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Wound Assessments: Excoriation or Abrasion?

excoriation and abrasion wounds

Both excoriation and abrasion are terms used for superficial partial-thickness wounds of the skin. Thorough assessment and correct documentation are critically important in communication of skin injury.  A detailed history to determine the causative factors is valuable information in the development of a plan of care. The clinician should ascertain when the injury developed, comorbid conditions, and other factors that may impact treatment and healing. Excoriation and abrasion are terms that may need clarification for appropriate terminology use in documentation.

What is skin excoriation? 

Excoriation describes skin damage from mechanical injury.  It may also be referred to as a scratch. Depth of excoriated tissue is typically superficial or partial thickness. It may reach into but not through the dermis. Excoriation presents as a well-defined injury with sharp or linear edges, most often located on the extremities. Excoriation may also be a sign of factitial dermatitis. Factitial dermatitis is a term for self-inflicted skin injury which is often identified as linear wounding that occurs in areas within reach such as the abdomen, anterior chest, face or extremities. 

What is an abrasion? 

Abrasion is the term used to describe skin erosions resulting from the tissue being abraded, meaning rubbed or scraped away by friction. It describes the loss of epidermis through a mechanical process, such as friction or trauma. An example of how an abrasion occurs is if you fall and ‘skin’ your knee – it is a superficial break in the skin that resulted from the friction between the skin and the pavement. 

How to treat excoriation and abrasion injuries to the skin

Excoriation treatment is first designed to address the underlying causative factor. If it is a rash that causes itching, the cause of the rash needs to be addressed along with the symptom of itching and the partial-thickness wound that occurred from the scratch. Dry skin can also be a factor related to excoriation from scratching. Keeping the skin cleansed and moisturized may prevent scratching and injury. If the injury is deemed to be self-imposed as a component of secondary gain, multidisciplinary collaboration with mental health professionals may need to be a component of the treatment plan.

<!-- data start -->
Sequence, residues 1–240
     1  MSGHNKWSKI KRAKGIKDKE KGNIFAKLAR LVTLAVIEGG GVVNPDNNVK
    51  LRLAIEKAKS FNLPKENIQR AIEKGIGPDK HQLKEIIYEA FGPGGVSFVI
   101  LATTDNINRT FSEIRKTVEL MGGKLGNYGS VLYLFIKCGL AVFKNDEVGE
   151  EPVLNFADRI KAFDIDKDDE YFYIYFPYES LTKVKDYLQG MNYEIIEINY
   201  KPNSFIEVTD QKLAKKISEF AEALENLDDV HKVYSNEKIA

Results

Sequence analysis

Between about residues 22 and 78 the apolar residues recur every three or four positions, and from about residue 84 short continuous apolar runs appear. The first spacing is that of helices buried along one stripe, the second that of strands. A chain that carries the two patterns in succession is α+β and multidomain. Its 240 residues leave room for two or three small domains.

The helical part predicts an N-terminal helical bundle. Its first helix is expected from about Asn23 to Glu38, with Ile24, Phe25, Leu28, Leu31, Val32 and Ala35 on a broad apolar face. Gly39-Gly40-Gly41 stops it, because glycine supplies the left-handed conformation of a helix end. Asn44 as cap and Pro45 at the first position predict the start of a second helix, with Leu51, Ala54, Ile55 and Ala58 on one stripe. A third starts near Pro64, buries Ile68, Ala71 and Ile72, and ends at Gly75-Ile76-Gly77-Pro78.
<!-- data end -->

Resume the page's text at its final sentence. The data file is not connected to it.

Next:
What is road rash?

road rash

In the event of an abrasion, note that these often occur as a result of falls or sports activities, in which preventative measures such as the wearing of knee and elbow pads may be a benefit. ‘Road rash’ is a common lay term for abrasions caused by injury with road surfaces, often as a consequence of cycling and motorcycling accidents. These may cover large body surface areas needing attention from a medical professional. 

What is the initial treatment of excoriated tissue and skin abrasions?

Initial treatment of excoriated tissue and skin abrasions should be treated by managing any bleeding with firm, direct pressure using a clean cloth or dressing, holding pressure steadily until bleeding is controlled. Skin excoriation and most abrasions are shallow and don’t cause a great deal of bleeding. Small scratches and abrasions usually stop bleeding on their own. Seek medical attention right away if the injury spurts blood or doesn’t stop bleeding. Note that abrasions and skin excoriation may be quite painful as superficial tissues have a dense nerve supply. 

How do you clean the injured site?

how to care for excoriation and abrasion wounds

To clean the injured site, first wash your hands with soap and water. Then cleanse the wound with cool clean water or a gentle skin cleanser thoroughly to remove any dirt and debris. Once bleeding has stopped and the wound is cleansed, apply a clean bandage or dressing to cover and protect it. Change the dressing every 2-3 days or more often if it becomes wet or soiled. A dressing provides an appropriate environment that improves tissue formation and protects the area from infection and scarring. The protective environment of a non-adherent or moist wound dressing may also aid in pain management. When changing the dressing, watch for signs of infection such as nonhealing, redness, swelling or warmth, increased pain or drainage, or red streaks around the wound and notify your medical provider if they are observed.  

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Susan has 30+ years of clinical experience across the continuum of care. Her experience includes direct patient care in critical care and wound care. She has demonstrated clinical and sales leadership roles with wound management organizations such as Healogics, and industry experience with companies such as HealthPoint. Her broad experience from bedside to innovation and industry has provided a unique perspective that she has shared as a consultant and educator. She has been actively involved with the Wound, Ostomy, Continence Society and has many years of service on the board of directors for the Association for the Advancement of Wound Care, and the American Board of Wound Management of which she also served as President. She is currently vice-chair for the American Board of Wound Management Foundation.

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